Missing X and Y: A review of participant ages in population-based eye studies
Forward, H and Hewitt, AW and Mackey, DA, Missing X and Y: A review of participant ages in population-based eye studies, Clinical and Experimental Ophthalmology, 40, (3) pp. 305-319. ISSN 1442-6404 (2012) [Refereed Article]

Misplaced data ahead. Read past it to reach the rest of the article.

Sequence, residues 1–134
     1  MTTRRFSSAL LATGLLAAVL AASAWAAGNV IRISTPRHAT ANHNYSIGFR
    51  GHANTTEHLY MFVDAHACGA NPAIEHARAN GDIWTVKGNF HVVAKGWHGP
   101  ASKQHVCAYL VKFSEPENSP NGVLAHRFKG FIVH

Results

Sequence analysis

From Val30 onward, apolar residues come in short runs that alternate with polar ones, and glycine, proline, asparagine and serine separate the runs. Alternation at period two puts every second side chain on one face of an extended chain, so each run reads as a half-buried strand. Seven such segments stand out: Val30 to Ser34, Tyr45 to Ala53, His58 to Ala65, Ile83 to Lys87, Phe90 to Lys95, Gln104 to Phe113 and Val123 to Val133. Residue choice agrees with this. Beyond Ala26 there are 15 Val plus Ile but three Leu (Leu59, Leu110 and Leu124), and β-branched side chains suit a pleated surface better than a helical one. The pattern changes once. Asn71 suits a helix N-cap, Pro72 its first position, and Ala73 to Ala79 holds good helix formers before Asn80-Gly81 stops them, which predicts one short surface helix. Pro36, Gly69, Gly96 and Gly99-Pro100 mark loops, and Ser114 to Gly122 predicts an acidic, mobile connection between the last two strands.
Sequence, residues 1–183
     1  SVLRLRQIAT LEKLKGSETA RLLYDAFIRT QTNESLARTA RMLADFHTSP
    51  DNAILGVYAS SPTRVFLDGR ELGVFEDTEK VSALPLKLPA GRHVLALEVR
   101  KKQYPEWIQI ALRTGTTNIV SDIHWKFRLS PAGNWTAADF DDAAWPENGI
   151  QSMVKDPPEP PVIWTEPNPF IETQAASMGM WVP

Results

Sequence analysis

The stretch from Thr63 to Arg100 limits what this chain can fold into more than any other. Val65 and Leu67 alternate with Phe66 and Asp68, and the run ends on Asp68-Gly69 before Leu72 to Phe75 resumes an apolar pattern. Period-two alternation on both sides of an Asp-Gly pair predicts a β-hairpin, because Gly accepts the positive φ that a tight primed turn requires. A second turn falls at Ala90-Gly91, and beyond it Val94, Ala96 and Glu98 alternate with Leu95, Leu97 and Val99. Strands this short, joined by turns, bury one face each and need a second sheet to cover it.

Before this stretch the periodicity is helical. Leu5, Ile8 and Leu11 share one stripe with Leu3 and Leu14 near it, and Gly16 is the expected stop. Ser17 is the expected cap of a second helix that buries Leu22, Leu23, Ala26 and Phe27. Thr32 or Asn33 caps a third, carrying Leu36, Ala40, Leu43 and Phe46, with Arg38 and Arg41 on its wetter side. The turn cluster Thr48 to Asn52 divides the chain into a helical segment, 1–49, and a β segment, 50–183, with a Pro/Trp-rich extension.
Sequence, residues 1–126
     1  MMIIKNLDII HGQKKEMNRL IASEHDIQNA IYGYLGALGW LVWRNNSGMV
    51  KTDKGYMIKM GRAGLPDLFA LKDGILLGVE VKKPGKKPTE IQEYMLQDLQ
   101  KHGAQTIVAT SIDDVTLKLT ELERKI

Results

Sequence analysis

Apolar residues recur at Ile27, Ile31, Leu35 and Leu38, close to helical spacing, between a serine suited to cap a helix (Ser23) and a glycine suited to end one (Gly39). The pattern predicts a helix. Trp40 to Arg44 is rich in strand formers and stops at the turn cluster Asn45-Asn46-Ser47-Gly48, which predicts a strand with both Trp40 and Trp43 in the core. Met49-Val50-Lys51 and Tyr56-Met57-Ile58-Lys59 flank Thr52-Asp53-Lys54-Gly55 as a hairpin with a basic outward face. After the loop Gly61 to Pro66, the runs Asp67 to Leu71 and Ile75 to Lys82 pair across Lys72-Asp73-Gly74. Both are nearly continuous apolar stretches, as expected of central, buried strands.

Ophthalmic population-based studies have been used to establish the frequency of eye disease and the associated environmental and genetic factors that cause vision impairment and blindness. Most of these studies have concentrated on the diseases of ageing: cataract, age-related macular degeneration, glaucoma and diabetic retinopathy. Other studies have identified eye diseases in children but few studies of young adult eye disease exist. We conducted a systematic review of the ophthalmic literature to identify potential population-based eye studies and then note the age of participants in the studies. We then summarized the disease specific to young adults to show there is a need for further research to identify eye disease in this important and often-neglected group in the community. Eighty-four large population-based studies have been conducted worldwide: 9 in North America, 2 in South America, 17 in Africa, 35 in Asia, 11 in Australia and the Pacific, 6 in Europe, 4 in the Middle East and 1 that covered 3 continents. No studies specifically examined young adults. Twenty-six per cent of studies included young adults as part of all ages examined but none of these examined a large number of young adults.